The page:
NSJ series HMI controllers from Omron (http://rbi.ims.ca/4929-503) integrate the company's NS HMI and CJ1 PLC into a single flexible, HMI controller. The units have separate but integrated processors for display and control tasks, so control response is never compromised by heavy graphics demands on the HMI. Display screens range in size from 5.7 to 12.1 inches, and in resolutions from 320 × 240 to 800 × 600. Ethernet, USB, serial programming ports and printer ports are built-in. Networking and I/O expansion options are available.
All NSJ HMI controllers feature a built-in DeviceNet master that reduces I/O wiring to a single cable. Omron's CX-One software tool provides program development for both the display and control functions using function blocks and the company's patented Smart Active Parts libraries.
HMI controllers from OMRON provide separate but integrated processors for display and control tasks.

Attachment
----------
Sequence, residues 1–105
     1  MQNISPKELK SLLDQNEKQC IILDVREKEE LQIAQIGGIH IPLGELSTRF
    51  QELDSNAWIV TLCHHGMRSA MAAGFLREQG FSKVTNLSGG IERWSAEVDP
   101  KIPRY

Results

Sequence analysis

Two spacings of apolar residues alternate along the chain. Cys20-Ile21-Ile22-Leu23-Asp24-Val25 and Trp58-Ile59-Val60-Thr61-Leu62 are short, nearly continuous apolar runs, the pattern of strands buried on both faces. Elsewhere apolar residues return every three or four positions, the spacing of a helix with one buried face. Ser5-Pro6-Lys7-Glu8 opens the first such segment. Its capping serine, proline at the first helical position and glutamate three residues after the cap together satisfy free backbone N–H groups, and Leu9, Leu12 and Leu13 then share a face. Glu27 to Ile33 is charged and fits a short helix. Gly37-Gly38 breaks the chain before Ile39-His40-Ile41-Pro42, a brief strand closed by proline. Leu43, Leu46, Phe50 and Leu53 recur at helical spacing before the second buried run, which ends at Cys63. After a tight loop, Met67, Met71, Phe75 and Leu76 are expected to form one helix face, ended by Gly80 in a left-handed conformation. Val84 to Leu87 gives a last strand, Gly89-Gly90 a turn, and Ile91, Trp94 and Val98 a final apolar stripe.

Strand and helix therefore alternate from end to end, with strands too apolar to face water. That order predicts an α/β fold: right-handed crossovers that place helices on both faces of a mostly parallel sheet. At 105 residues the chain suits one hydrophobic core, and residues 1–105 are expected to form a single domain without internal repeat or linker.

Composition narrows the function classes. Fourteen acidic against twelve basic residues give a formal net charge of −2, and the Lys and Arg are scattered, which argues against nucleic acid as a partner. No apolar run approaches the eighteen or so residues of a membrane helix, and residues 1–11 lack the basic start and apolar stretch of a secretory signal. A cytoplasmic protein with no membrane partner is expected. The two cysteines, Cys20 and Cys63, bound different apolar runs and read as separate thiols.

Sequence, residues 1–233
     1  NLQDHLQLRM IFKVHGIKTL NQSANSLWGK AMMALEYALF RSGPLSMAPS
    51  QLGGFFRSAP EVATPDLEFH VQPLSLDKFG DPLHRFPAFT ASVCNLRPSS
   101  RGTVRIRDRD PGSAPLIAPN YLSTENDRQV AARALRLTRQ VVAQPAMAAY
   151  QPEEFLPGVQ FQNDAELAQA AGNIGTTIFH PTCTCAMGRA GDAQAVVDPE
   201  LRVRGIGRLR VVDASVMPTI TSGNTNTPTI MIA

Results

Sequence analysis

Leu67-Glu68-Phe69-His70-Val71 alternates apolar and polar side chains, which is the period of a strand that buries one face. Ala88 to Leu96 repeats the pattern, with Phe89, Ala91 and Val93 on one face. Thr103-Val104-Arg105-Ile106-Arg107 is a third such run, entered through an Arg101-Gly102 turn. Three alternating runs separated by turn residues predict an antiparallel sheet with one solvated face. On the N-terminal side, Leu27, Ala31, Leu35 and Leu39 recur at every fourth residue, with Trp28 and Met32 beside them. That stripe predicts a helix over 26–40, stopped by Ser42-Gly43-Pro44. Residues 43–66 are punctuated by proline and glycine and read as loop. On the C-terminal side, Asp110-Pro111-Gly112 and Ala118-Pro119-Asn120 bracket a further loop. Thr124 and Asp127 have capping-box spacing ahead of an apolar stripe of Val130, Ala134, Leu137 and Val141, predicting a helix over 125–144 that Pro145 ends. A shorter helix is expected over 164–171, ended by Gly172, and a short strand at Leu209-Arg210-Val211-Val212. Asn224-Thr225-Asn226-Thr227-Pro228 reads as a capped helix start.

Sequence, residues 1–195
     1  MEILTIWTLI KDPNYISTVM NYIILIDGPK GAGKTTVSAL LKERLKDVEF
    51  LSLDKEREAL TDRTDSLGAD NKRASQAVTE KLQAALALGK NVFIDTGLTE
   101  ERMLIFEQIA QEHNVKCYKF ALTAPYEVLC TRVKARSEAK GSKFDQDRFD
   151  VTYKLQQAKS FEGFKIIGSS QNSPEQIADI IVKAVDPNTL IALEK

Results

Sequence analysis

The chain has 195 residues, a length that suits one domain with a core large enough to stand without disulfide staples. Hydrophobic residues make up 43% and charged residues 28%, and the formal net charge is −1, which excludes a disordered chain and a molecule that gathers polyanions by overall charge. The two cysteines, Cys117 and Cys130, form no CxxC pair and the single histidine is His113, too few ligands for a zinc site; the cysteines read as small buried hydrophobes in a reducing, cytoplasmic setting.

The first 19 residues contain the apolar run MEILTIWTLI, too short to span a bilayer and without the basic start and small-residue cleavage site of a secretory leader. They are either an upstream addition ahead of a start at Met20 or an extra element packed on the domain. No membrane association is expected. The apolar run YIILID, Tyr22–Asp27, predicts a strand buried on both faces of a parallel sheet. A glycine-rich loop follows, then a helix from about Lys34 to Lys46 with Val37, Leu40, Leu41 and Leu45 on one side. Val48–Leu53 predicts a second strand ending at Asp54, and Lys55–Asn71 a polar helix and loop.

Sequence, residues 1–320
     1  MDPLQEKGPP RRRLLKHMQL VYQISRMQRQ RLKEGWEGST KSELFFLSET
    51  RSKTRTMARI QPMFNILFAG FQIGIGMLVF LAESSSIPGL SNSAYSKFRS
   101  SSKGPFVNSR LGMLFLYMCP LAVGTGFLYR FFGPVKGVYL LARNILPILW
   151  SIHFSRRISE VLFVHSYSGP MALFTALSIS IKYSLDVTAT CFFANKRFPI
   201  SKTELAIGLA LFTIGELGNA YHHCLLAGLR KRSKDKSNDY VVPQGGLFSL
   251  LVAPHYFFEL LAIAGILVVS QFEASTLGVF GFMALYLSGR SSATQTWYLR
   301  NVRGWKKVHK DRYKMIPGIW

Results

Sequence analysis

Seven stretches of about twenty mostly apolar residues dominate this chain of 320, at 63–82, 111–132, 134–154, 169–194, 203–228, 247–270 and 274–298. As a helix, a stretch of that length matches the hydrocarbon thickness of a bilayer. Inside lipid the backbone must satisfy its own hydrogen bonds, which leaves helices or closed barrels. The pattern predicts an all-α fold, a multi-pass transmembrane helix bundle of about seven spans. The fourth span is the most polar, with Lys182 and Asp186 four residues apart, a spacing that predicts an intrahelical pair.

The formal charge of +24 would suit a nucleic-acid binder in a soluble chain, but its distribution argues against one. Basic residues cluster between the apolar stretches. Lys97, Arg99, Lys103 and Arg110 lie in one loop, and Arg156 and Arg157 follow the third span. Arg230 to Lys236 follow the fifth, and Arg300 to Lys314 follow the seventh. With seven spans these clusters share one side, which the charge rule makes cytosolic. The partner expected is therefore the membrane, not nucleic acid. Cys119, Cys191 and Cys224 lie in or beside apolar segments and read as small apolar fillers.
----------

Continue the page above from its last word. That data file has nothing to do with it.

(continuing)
BMW has already incorporated more than 10,000 3D-printed parts in the Rolls-Royce Phantom and intends to expand the use of 3D printing in its cars even more in the future. Meanwhile, Daimler has started using additive manufacturing for producing spare parts in Mercedes-Benz Trucks.
Researchers have been developing a number of nano- and micro-scale technologies that can be used for implantable medical technology for the treatment of disease, diagnostics, prevention, and other health-related applications.
SABIC's lightweighting polycarbonate glazing materials have appeared for the first time in a production car: the rear quarter window of Toyota's special edition 86 GRMN sports car, where they're saving 50% of its weight compared to conventional glass.
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